[Oberon] Re: Oberon Digest, Vol 30, Issue 19
starkweatherr at mchsi.com
Fri Mar 24 12:37:19 CET 2006
Thank you all. I didn't expect to get such immediate and helpful
response. I spent a month once watching a Sun Hardware newsgroup trying
to find the answer for a question about SparcStation 5 NVRAM chips and
ended up with a series of weather reports from Britain. ;}
You've given me exactly the answers that I was looking for. I will take
a look at Blackbox first.
I downloaded a copy of Mike Spivey's application three days ago, and
was up and running, with a working program, within a few hours. From the
documentation it wasn't immediately obvious that it was different from
the actual implementation. I like what he did with the compiler, though.
Meaningful error messages are so rare that I was really impressed.
I would like to spend a minute on ETH Oberon. My wife likes the idea,
which is unusual for her, but she had the same problem I did. (We often
work in tandem because our backgrounds lead to completely different
approaches to problems, which can save a lot of time.) I hate to say it,
but my main problem was in figuring out how to do things. There is a lot
of documentation about the user interface, but I was never able to find
an explanation of how to create a program in terms that were meaningful
to me. Is that an unusual problem?
I started programming in the late 1980s, using Borland Turbo C. I agree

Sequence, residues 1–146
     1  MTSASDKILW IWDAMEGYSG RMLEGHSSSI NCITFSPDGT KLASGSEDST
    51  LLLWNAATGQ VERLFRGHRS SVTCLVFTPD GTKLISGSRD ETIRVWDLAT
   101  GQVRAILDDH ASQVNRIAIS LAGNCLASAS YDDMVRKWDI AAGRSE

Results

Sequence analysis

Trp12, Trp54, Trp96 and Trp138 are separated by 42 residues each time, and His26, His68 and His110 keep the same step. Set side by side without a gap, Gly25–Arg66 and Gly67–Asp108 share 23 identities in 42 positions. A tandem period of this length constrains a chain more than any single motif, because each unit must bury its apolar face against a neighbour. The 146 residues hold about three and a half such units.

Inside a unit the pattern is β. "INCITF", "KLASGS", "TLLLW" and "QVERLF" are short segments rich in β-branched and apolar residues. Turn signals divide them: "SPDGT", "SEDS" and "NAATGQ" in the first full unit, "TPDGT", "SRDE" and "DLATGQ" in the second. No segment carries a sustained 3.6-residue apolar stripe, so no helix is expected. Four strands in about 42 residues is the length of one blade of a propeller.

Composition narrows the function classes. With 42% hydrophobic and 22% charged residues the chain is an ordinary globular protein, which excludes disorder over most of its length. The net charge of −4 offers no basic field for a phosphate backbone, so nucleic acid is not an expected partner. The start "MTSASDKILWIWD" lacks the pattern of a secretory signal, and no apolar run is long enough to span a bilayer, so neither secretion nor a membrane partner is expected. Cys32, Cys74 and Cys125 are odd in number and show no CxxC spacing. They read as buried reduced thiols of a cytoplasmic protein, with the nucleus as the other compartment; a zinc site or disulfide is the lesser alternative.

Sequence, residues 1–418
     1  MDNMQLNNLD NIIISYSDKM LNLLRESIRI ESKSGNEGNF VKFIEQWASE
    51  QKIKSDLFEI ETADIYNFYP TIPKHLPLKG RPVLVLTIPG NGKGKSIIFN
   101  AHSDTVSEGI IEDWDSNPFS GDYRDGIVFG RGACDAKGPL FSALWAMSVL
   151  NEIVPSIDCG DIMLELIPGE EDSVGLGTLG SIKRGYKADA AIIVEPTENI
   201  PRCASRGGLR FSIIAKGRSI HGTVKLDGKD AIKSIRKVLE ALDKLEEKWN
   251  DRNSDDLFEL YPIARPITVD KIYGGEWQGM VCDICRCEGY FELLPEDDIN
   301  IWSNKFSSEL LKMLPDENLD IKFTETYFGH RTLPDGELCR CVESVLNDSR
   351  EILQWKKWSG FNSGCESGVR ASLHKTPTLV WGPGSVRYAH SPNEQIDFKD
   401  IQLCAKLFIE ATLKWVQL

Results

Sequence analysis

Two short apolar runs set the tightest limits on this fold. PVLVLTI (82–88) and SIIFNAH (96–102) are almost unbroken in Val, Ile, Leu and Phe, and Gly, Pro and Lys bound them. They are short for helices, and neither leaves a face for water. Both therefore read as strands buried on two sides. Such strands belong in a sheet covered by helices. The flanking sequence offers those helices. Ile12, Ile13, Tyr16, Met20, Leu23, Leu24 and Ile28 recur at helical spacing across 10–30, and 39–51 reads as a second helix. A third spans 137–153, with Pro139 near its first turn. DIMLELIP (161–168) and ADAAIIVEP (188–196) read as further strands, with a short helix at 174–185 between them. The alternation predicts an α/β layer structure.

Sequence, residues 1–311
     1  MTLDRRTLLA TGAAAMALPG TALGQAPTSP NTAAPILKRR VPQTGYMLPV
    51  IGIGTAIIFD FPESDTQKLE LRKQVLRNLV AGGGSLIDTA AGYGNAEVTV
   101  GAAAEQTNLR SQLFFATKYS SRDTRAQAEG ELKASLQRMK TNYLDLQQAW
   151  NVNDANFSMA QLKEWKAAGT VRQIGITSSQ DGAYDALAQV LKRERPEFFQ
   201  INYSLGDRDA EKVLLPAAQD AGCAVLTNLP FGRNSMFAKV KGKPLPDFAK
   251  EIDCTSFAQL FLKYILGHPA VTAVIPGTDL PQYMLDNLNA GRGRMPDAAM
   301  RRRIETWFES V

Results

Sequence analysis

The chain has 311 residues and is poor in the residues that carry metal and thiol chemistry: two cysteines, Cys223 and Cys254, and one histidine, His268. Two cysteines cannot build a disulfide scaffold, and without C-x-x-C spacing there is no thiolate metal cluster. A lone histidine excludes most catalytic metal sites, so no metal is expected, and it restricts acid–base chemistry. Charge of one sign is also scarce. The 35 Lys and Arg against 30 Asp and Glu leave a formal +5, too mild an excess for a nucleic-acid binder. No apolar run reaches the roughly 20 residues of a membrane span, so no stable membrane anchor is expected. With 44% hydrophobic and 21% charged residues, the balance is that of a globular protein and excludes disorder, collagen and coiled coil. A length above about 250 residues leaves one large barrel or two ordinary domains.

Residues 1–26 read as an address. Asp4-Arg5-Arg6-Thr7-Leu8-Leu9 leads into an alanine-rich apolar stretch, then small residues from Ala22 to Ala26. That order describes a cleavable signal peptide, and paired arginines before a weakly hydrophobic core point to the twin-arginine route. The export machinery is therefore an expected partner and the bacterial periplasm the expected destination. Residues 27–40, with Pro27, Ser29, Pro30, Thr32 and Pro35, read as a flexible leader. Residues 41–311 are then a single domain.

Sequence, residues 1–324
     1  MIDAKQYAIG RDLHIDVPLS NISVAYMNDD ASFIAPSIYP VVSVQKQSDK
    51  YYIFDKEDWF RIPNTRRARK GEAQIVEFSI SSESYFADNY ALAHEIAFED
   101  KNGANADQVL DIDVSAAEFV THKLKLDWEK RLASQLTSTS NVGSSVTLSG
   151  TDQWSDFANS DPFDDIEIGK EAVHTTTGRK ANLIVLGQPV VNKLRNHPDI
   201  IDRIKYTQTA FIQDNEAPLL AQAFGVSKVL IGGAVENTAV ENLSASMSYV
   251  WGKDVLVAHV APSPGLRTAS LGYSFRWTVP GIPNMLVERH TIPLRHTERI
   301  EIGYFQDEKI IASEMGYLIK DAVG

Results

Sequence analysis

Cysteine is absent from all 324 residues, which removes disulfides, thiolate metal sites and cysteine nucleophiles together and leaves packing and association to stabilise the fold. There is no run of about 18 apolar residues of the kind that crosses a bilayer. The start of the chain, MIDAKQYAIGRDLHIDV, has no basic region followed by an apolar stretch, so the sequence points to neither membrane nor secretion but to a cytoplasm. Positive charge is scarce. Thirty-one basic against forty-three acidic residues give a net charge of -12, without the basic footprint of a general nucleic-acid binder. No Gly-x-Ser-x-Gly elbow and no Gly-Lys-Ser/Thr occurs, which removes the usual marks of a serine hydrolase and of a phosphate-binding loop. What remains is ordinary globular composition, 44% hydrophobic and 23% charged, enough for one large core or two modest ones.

with the concept behind C++ but hate the implementation. I've had fairly
late versions of C++ compilers for years, but use them only in
emergencies. A quick look at D seemed to indicate that it was better
than C++, but it still seems like a step in the wrong direction. After
all these years I would have thought that even 10,000 monkeys could have
come up with a better development path for programming applications than
the ones that are being pursued.
It seems implicit now that real programming, as opposed to scripting,
is not meant to be understood, or used, by the masses. Most people seem
to have never considered writing their own applications, or even
utilities, because of the Microsoft monopoly and the complications that
the Windows operating system adds to program creation. Visual Basic may
not be taken seriously as a programming language, but at least most of
the files that are part of a standard application have information in
them that I might look at, for one reason or another. Applications
created by MS VC++ 6 a a totally different matter.
Anyway, thanks for your quick responses. I'll be back.
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